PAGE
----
DVD Horror-Thriller
Written by Bill Warren   
Wednesday, 03 December 1997


Dimension Home Video
MPAA rating: Unrated
starring: Neve Campbell, Courteney Cox, David Arquette,
Skeet Ulrich and Drew Barrymore
release year: 1996
reviewed by: Bill Warren

While a similar barrage of predictable slashing and thrashing has been done before, horror master Wes Craven cranks up the production values, updates the dialogue and smartens up the characters to bring this tired genre into the '90's.

Basically, you already know the story. Some psycho is running around and grotesquely killing high school kids, though the victims in Scream are a whole lot tougher than generations past. These victims get in some good kicks and punches before their untimely deaths. All I can say, without giving anything away, is that the use of cordless and cellular telephones delivers an inventiveness in stalking terror that will bring you right out of your seat.

The general ambivalence of the victim's high school classmates reveals its own chilling social commentary in Kevin Williamson's clever and original screenplay. When the main character learns about the first murder from her friend, she responds, "She sat next to me in English" to which her friend replies emotionlessly "Not anymore." Still, you find yourself laughing because Scream is not just a rejuvenation of the stereotypical slasher flick, it is an homage and a lampoon of the genre itself complete with the janitor in the hallway, dressed like Freddy Krueger from Craven's own Nightmare on Elm Street.

Scream is carried off by a group of young actors who are the epitome of their generation. From TV land, 'Party of Five's, Neve Campell is cute, witty and deadly, while 'Friend's' Courteney Cox is a bitchy and self-centered media personality. No stereotypes here. David Arquette is the town's bumbling deputy, hot on the case to find the murderer and Skeet Ulrich performance is almost irrelevant as he just keeps reminding you of Johnny Depp. Drew Barrymore snags the title away from Jamie Lee Curtis to become the new Scream Queen, unfortunately, she won't be around for the sequels.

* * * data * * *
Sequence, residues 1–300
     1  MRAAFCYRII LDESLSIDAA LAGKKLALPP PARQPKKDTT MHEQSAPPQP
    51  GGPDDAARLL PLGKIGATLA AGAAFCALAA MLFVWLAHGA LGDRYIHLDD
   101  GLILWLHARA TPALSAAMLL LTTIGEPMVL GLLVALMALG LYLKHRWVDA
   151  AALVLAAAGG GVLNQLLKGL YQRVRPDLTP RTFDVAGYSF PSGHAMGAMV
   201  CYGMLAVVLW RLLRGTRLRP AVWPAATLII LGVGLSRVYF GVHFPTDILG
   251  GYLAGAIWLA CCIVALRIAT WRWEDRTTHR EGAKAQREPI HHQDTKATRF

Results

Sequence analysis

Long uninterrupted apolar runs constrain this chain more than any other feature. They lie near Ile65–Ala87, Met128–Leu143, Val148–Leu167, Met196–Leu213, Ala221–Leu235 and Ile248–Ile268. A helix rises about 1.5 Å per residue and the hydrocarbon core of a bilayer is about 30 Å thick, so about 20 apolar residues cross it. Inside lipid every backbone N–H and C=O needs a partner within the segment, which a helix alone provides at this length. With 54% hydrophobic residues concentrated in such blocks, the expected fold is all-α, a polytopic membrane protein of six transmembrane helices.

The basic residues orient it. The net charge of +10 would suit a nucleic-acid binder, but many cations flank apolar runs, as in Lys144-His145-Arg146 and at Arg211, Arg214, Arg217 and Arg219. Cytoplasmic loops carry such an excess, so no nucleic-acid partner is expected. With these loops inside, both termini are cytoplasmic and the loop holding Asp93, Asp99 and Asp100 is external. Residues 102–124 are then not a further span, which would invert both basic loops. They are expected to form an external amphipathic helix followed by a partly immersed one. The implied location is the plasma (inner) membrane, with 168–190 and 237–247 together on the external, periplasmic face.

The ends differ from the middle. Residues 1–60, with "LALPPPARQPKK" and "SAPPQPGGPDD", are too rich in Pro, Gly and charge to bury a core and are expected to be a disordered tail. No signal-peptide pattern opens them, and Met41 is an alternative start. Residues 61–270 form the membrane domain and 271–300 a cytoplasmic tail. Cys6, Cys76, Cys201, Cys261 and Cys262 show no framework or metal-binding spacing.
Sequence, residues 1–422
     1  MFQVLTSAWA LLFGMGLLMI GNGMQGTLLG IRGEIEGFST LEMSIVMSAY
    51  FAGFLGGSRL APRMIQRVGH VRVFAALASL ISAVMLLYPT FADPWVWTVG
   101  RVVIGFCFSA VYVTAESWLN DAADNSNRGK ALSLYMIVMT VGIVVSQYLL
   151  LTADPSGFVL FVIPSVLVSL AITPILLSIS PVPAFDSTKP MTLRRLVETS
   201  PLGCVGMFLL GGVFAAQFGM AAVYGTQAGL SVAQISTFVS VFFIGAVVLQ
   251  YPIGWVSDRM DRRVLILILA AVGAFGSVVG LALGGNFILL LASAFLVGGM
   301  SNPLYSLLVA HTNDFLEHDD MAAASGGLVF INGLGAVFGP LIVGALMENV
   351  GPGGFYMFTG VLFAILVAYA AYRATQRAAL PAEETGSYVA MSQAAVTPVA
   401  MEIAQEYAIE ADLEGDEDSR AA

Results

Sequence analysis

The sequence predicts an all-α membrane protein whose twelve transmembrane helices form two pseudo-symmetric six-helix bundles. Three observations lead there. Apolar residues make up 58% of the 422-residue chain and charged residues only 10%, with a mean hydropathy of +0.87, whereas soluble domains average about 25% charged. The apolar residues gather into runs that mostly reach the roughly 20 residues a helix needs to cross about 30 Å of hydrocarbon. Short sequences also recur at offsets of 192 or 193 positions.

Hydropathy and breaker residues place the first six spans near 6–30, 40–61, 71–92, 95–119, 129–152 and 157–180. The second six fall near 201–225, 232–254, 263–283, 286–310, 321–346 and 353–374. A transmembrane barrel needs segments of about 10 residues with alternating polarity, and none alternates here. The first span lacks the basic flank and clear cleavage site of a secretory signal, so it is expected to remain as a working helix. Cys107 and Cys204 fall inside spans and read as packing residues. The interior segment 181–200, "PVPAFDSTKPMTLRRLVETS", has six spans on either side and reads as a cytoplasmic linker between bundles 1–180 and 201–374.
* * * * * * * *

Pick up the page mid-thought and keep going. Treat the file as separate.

While the DVD transfer is very good, the main reason you should watch Scream on DVD rather than VHS tape is the 5.1 soundtrack, which heightens the overall suspense and impact for more terrifying thrills and chills.

I am surprised as anyone to say I enjoyed this film, and I am not a fan of the genre at all. So, if you are a fan of the genre, I can't imagine why you won't find Scream a real kick.

Now for the warnings, in case you need any. This movie is a bloody mess with some extremely gruesome deaths. But, if you can get through all of that, it is chock full of suspense, a few surprises and plenty of laughs for relief.

more details
sound format:
Dolby Digital
aspect ratio(s):
Widescreen Aspect Ratio: 2.35:1
special features: Audio Commentary by Director Wes Craven and Screenwriter Kevin Williamson, Original Theatrical Trailer, Chapter Search
comments: email us here...
reference system
DVD player: Kenwood DV-403
receiver: Kenwood VR-407
main speakers: Paradigm Atom
center speaker: Paradigm CC-170
rear speakers: Paradigm ADP-70
subwoofer: Paradigm PDR-10
monitor: 36-inch Sony XBR

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